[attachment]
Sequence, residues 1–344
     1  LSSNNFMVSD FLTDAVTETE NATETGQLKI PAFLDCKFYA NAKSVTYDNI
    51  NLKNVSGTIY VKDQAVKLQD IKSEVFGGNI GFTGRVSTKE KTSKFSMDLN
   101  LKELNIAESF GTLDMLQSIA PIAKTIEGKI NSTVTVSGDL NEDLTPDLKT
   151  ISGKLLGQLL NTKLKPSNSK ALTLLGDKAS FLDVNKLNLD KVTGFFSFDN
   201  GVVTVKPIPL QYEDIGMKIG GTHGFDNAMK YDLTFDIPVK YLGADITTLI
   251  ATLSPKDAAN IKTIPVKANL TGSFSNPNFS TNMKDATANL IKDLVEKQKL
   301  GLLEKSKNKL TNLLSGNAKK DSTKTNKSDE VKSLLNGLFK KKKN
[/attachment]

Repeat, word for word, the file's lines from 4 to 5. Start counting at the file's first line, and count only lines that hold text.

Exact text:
   101  LKELNIAESF GTLDMLQSIA PIAKTIEGKI NSTVTVSGDL NEDLTPDLKT
   151  ISGKLLGQLL NTKLKPSNSK ALTLLGDKAS FLDVNKLNLD KVTGFFSFDN